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Onboarding Questions for Getting to Know Your Hires

Jun 30, 2022| Reading time: 8min

BY Alex Hilleary

Principal Content Marketing Manager

Onboarding Questions for Getting to Know Your Hires 

Asking a new hire thoughtful questions during onboarding can help you and your team get to know the person you hired.

Responses may reveal common connection points – a shared hobby or favorite movie, perhaps – across the team.

Other answers can be stored in an employee profile and used later to facilitate bonding activities or spur a thoughtful gesture.

Logistical Onboarding Questions

These are the questions that are helpful to have the answers to on Day One.

What’s your t-shirt size?

Use this info to have swag ready for them on the first day of work.

What are your dietary restrictions?

Store this data to make sure you accommodate the employee’s dietary restrictions at future team events that involve food.

If you’re a parent, how can we support you?

Understand what kind of flexibility the employee might need as they take care of their children.

Helpful Onboarding Questions

These questions help you get to know your new hire a little bit better.

What are your hobbies? 

Find common connection points with your new hire.

What is your favorite type of coffee, favorite restaurant, or favorite charity?

Keep this information on hand for later when someone might want to surprise the employee with a coffee, take them to lunch, or give them a gift.

What’s on your bucket list?

On an important work anniversary or birthday, you could help the employee achieve or work towards one of their bucket list items, for example by giving them a voucher for skydiving or some gear to summit a mountain.

Personality Assessments

These tools help you understand the way that your new hire operates.

Love Language Assessment

The importance of love languages extends beyond romantic relationships. Knowing a colleague’s love language is an effective way to know how to celebrate them after a massive project or achievement.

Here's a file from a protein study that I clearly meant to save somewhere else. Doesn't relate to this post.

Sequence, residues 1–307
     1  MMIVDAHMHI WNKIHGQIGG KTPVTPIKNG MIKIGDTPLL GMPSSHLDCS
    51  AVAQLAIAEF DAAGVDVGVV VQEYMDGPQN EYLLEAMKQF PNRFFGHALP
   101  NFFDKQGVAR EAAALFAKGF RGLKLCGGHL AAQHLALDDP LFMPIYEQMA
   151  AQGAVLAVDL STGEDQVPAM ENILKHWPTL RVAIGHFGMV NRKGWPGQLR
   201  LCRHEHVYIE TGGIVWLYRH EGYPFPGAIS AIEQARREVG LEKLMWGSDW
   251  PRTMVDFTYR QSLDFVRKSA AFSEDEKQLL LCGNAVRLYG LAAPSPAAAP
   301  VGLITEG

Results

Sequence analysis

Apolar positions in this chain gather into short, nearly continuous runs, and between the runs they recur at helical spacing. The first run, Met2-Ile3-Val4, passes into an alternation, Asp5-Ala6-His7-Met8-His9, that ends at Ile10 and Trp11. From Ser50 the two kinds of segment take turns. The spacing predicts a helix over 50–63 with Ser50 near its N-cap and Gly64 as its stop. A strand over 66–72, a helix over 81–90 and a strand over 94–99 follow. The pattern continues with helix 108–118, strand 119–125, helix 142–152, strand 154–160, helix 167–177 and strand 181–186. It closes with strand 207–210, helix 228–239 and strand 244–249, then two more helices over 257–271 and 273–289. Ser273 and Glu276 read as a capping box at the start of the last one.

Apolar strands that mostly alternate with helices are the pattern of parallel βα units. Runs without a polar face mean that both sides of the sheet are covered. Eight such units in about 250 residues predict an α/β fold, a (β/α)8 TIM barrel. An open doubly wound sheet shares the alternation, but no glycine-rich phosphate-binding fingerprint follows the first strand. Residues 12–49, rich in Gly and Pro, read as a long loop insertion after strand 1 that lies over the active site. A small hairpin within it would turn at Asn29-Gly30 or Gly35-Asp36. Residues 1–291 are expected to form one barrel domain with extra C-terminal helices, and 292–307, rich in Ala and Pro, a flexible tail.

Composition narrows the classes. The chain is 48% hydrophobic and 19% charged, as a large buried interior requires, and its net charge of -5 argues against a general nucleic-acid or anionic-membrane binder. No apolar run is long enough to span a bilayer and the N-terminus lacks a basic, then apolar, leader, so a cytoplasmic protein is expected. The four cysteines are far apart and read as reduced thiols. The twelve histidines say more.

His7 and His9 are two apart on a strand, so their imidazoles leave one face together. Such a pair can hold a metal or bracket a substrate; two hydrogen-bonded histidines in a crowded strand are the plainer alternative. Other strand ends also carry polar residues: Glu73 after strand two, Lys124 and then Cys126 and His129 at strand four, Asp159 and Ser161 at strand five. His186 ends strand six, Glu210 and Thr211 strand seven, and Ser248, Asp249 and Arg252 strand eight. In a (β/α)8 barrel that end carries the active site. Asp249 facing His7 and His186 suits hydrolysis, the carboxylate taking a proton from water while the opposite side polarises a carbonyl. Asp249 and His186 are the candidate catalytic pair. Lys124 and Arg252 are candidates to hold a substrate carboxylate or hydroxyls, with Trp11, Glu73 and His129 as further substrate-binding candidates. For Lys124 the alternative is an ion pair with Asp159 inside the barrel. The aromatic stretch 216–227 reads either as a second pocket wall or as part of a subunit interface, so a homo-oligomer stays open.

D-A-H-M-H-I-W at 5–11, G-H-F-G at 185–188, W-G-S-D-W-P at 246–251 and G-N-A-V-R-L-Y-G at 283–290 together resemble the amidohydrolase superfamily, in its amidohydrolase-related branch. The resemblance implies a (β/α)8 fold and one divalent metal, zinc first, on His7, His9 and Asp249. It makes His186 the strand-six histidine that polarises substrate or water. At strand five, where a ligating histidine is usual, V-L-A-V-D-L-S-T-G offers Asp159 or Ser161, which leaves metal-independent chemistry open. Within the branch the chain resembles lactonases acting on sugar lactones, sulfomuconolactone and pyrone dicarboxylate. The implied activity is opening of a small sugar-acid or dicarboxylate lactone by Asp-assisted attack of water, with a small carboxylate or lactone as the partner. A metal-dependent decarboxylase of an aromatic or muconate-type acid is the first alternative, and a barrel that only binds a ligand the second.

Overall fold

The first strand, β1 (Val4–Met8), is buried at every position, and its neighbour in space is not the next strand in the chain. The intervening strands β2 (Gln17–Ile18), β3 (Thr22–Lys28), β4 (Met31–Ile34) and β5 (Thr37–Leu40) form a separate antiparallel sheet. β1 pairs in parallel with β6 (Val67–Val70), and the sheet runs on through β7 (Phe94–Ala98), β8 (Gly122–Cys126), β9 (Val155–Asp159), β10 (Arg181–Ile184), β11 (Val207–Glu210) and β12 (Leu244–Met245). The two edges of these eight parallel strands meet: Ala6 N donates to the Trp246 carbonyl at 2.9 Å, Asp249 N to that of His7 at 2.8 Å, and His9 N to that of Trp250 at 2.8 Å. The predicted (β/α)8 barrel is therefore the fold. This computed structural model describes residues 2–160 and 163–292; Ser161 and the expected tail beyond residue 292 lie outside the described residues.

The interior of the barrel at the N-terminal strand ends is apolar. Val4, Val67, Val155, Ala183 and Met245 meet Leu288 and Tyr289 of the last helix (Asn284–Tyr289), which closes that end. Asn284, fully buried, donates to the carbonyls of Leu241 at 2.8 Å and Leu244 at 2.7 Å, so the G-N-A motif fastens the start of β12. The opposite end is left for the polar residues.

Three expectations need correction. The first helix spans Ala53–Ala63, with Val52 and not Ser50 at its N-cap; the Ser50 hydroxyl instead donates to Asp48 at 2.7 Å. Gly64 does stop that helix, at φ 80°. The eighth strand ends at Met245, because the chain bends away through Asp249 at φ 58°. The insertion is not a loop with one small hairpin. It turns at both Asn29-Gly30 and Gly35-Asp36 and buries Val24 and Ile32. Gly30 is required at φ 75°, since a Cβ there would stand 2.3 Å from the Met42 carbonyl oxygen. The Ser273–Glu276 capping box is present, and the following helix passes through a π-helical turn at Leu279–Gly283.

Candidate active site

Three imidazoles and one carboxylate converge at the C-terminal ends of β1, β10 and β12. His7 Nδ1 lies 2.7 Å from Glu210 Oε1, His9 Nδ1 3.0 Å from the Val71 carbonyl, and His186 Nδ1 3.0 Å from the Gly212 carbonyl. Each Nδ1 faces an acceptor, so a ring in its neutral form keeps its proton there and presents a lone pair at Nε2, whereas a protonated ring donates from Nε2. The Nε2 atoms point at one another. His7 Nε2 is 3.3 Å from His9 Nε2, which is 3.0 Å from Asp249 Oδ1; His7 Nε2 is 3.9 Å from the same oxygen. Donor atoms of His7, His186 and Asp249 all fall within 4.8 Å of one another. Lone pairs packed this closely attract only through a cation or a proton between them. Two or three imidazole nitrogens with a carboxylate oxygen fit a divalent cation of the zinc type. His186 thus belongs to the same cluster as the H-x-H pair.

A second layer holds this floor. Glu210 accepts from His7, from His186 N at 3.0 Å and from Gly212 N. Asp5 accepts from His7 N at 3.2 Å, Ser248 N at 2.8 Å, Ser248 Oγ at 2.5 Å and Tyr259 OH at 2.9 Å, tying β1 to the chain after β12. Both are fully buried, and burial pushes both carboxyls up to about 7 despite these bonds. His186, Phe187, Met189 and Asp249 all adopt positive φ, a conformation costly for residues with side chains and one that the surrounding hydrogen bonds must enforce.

True Colors Personality Test

The True Colors test was designed to categorize people into four different learning styles, and provide insight into strengths and weaknesses of each style. Knowing which team members relate to which color can provide the group with insight into how they can work together better.

Mind Map

Ask your new employee to draw a map of their mind and what they care and think about most. Vague instructions will yield a dramatically different approach from employee to employee, which can be fun.

One caution on personality assessments: make sure these activities don’t isolate any team members, especially if they’re the only one of a certain learning style or language. These activities should be used to provide general insight, not to box people into rigid categories. 

Funny (but Insightful) Onboarding Questions 

If you could replace your arms with other objects for a week, what would you pick? 

Trust us, the answers to this question will blow you away. From jet packs, to baguettes (so they could eat their arms throughout the week), to snakes, to pillows… this question tells you much more about a person than one would expect. 

What do you miss most about being a kid?

This question is a fun way to elicit what someone’s first hobbies were, or to find out their favorite childhood snacks.